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Andy Murray - Australian Open 2023

Begrudging Andy Murray wildcards is a cruel abandonment of appreciation


Andy Murray has been handed a wild card to compete in Dubai this year, and that is a very good thing. At least, you’d think so.

Since the announcement, there have been a minority – and it must be stressed that is all it is – who have claimed the former world number one should no longer be receiving wildcards. It’s completely baffling, to me at least.

“Coming back to Dubai brings with it a lot of good memories,” Murray said after signing up for Dubai.

“My form is improving and my game is getting better, so the Dubai Duty Free Tennis Championships provides another great opportunity for me to continue to climb back up the rankings.”

Clearly there there are those who would deny Murray a wildcard, and not for the first time either.

During the 2020 French Open, Mats Wilander took specific aim at Murray, outright saying he shouldn’t be accepting invitations anymore.

“I think Andy Murray needs to stop thinking of himself and start thinking about who he was,” Wilander said, although he did later admit that Murray proved him wrong. “Does he have a right to be out there taking wildcards from the young players?”

There was more criticism last year when Murray accepted a wildcard to play the Madrid Masters. Again, the same charges were levelled at him: specifically that he was taking opportunities away from young local talent. On that occasion, Murray took to social media to defend himself.

Andy Murray - Australian Open 2023

“More than happy to play qualifying,” he tweeted. “Will most likely play qualies in Rome. If a tournament invites me to come and play in the main draw are you suggesting I should turn it down and play quailes?

“Any tournament can give their wild cards to whoever they want.”

The arguments now are slightly different. Unlike before, Murray is not a player recently back from injury with his ranking lower than it should be.

Murray is has played with no major hip problems for a couple of years now, and so it is easy to claim that his ranking of 61 in the world is just his level now – and he should not get preferential treatment over anyone else ranked too low to automatically qualify for main draws.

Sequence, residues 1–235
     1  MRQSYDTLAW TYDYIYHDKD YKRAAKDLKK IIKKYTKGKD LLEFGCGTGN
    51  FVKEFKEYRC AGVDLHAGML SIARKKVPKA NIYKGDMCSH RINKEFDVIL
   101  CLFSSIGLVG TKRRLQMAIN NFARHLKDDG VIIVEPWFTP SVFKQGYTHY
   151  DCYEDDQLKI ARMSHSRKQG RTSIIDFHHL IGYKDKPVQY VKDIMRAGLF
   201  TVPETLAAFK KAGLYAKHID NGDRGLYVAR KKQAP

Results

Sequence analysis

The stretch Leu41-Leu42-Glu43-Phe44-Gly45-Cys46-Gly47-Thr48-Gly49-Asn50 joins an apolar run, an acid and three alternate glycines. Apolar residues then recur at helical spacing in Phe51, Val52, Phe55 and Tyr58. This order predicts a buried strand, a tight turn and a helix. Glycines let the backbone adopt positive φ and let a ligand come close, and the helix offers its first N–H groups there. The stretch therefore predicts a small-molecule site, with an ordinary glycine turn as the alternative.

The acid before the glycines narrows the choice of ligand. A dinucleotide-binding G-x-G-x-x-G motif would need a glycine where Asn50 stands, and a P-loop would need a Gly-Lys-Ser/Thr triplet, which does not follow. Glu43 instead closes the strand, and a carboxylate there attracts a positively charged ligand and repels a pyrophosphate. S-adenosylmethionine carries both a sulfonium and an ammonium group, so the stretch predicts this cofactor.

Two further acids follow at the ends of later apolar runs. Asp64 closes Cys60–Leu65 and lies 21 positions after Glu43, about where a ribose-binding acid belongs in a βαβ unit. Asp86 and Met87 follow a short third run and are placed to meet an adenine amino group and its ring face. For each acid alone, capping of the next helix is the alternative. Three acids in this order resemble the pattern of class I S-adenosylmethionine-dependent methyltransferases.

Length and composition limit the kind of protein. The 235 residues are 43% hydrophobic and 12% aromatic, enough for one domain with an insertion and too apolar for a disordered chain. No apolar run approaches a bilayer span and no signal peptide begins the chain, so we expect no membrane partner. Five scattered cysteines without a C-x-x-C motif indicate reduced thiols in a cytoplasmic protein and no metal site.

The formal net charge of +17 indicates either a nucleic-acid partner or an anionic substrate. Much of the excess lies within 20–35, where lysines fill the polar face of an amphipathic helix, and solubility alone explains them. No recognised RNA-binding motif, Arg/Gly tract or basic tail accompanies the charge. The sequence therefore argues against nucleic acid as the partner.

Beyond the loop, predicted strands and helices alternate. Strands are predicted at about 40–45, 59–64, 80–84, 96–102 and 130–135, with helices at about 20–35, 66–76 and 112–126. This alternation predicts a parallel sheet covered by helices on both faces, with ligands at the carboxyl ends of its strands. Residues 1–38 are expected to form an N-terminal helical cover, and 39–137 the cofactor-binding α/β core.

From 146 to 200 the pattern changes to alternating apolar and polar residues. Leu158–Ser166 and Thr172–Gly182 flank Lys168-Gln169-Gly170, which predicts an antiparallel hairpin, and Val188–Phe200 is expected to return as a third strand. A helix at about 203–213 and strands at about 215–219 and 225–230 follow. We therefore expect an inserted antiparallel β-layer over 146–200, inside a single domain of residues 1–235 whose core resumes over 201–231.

Those arguments are valid, although they also completely miss the point.

Andy Murray is not getting wildcards out of sympathy or nostalgia. He is getting them because he sells tickets, and he sells tickets because of an incredible legacy that has been very hard-won.

It’s also a legacy he is still adding to, because not fall into the trap of believing that Murray is a spent force when it comes to tennis.

Granted, he is not looking close to winning Grand Slams anymore, but anyone who believes he is not still one of the best performers on the ATP Tour definitely wasn’t watching the Australian Open closely enough.

Murray was the driving force behind the best two matches in the whole tournament as he beat both Matteo Berrettini and Thanasi Kokkinakis in five-set marathons.

In those matches, he produced incredible tennis that was beyond many higher-ranked players and wowed audiences across the globe. If we see a better match all year, we will be incredibly fortunate.

What they also were, though, were uniquely Murray.

Andy Murray - Australian Open 2023

Few sports allow players to express their personalities like tennis does. That is part of the enduring appeal and it is what makes the spectacle so storied. The shots, the movement, the reactions, the emotions… they all reflect upon the individual.

It’s impossible, for example, for anyone to replicate a Rafael Nadal match. What he brings to it in terms of intensity and competitiveness and raw sheer aggression is just too unique. No one could ever replicate Roger Federer’s grace and control either. The relentlessness and purity of groundstrokes that Novak Djokovic brings to matches can also never be imitated. They are unique talents.

Andy Murray is very much in the same bracket, and the Australian Open was a reminder that he can, and does, still produce it.

Those two matches were ones that no one else could have produced. Sure, the level of tennis is matched by others, but the unique manner in which Murray confronts adversity with raw endless resilience, while marrying it with flashes of outrageous quality in the toughest moments, is what kept people glued to their televisions for five hours – twice.

That’s Andy Murray. It’s a thrilling quality tennis spectacle that is a joy to watch, so which tournament director in their right mind wouldn’t want him in their draw?

More to the point, why would any viewers not want it? It’s not like you can get the specific kind of tennis we got from Murray at the Australian Open, and countless other tournaments before in his career, from anyone else.

We thought we had lost Murray a few years ago. For all intents and purposes, we had. It’s little short of a medical miracle that he has been able to extend his career and one more bad injury and it will be gone for good. Why deny ourselves it now?

No, to question whether Andy Murray is worthy of wildcards is a complete and cruel abandonment of the appreciation he so richly deserves and its something that needs to stop.

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